In one of Steve Martin’s Saturday Night Live skits he and his wife are struggling with debt, and receive some helpful tips from a financial advisor. This advisor promotes his “unique new program” called, ‘Don’t Buy Stuff You Cannot Afford.’ Steve Martin is totally perplexed by this approach. At one point the advisor talks about saving up money for things you want to buy and Steve asks “Where would you get this ‘saved’ money?” I relate with Steve in this scenario as I begin the semester. I came to class with the question, “Where does this entrepreneurship come from?” Unlike the short book offered to Steve to answer his dilemma, Linda has provided us with many lengthy readings that cover topics of theories, definitions and approaches surrounding entrepreneurship. Class meetings have involved discussion about these ideas to provide clarity and understanding along with group cohesion. That last part is very important since it is the five of us who will be doing this venture together. At times I feel like the audience member watching the SNL skit thinking, “Of course, that is obvious! That makes perfect sense.” At other times I feel like Steve Martin, totally perplexed and unsure. Thankfully, the class structure allows for all of these ebbs and flows of emotion as we make our way toward effectual entrepreneurship.
This week’s reading had us dive into the first seventy pages of “Effectual Entrepreneurship.” Some of the topics covered were found opportunities versus made opportunities and control versus risk. The idea behind found opportunities is that research gained from historical information will provide the entrepreneur with the greatest chance of success. When you find the largest unserved population within a market, that is when the venture begins. Steve Martin complains that he has tried debt consolidation companies and has even taken out loans to pay off his debt, but still finds himself in debt. This relates to the found opportunities approach in that the historically prescribed way cannot predict what the consumer will actually do. In Steve’s case, getting loans was not helping him change his destructive spending habits. When an entrepreneur approaches the venture with the idea that opportunities are made, the market is not always clear and time and interactions are what prove to bring out the best ideas. In this case, the entrepreneur will take self-inventory – using current resources in creative combinations with the ideas and assets of others creates the venture. This seems like a more risky approach. Therefore, the entrepreneur must create control. To expound on this idea, Linda lead us through a short activity. We were each given a 3×5 card and a black Sharpie. On one side of the card we were to write five things we can control, and on the other side we were to write five things we cannot control. Try it! It was more difficult than I imagined. In regards to my professional endeavors it brought clarification to my priorities and values.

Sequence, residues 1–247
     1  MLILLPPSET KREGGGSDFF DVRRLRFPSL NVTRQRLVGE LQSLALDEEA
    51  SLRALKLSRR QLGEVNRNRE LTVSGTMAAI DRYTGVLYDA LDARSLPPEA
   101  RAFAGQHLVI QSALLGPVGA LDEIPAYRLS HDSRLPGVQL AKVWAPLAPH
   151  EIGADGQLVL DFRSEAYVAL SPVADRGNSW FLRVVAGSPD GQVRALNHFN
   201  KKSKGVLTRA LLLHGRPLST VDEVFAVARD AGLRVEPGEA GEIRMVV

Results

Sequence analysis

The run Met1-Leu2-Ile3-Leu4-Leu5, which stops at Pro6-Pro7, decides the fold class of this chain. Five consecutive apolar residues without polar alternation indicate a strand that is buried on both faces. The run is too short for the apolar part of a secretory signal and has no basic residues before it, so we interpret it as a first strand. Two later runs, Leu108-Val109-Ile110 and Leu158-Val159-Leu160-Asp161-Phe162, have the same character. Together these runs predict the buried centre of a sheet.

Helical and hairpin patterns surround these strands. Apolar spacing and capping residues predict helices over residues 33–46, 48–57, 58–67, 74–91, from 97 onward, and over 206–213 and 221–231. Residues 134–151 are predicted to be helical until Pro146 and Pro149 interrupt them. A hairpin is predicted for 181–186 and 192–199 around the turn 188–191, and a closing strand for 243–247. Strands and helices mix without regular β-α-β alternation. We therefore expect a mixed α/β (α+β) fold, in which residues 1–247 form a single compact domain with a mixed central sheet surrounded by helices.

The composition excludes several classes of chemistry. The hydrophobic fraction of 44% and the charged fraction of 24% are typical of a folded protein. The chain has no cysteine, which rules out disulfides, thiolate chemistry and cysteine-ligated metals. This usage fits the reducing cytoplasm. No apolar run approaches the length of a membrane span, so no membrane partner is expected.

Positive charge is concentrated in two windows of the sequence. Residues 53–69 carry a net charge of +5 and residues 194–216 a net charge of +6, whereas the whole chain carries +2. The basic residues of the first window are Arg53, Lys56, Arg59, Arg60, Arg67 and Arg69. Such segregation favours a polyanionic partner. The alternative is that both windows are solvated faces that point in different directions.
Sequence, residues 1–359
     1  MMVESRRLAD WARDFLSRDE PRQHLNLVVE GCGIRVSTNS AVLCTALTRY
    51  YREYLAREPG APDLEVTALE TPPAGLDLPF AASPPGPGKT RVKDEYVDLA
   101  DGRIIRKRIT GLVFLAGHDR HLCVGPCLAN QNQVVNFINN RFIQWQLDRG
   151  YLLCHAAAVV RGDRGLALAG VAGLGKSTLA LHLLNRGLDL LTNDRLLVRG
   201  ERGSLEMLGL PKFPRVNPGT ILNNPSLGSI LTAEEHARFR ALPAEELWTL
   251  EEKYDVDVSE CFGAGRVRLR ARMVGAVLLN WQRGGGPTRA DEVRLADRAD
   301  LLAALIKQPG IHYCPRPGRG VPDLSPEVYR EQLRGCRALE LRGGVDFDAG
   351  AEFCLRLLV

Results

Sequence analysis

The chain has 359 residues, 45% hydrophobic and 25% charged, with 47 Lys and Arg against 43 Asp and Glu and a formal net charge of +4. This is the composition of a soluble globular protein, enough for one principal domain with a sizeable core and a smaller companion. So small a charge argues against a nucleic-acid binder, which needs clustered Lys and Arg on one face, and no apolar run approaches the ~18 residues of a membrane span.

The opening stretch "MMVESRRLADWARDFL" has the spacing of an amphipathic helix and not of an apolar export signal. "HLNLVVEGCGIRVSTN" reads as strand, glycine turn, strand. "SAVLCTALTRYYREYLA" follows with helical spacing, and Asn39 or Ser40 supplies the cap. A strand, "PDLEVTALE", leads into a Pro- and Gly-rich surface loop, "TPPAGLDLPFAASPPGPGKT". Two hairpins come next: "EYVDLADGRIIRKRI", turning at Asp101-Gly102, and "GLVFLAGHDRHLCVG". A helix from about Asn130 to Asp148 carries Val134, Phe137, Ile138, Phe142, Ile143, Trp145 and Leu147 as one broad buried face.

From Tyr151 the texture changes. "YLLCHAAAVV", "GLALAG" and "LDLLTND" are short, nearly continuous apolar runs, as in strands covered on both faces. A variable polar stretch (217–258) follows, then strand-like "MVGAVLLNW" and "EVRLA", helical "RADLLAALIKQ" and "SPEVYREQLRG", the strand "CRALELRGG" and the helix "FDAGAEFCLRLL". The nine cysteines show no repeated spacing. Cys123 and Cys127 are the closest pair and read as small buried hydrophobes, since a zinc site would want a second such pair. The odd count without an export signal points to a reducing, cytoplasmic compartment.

Five things I can control:
- Whether or not I fix a mistake
- How I use my time
- How I care for my body
- Whether I accept or reject a given opportunity
- My personal investment
Five things I cannot control:
- The commitment and integrity of others
- The response of the audience
- Future offers
After sharing these in class we were able to brainstorm ways of creating control for what I deemed uncontrollable. We were figuring out ways of changing uncertainty to predictability. Steve Martin’s wife asked the financial advisor, “If I have the money, can I buy something?” to which the advisor responded, “Yes!” As a group we will inventory who we are and who we know. We will decide the maximum we are willing to lose and the minimum we are willing to gain. We are going to reduce the risk by making success happen rather than avoiding failure. This process will become more clear as we begin doing it. Next class is when we start our brainstorming. This is where we begin our process of making ideas and discovering effectual entrepreneurship.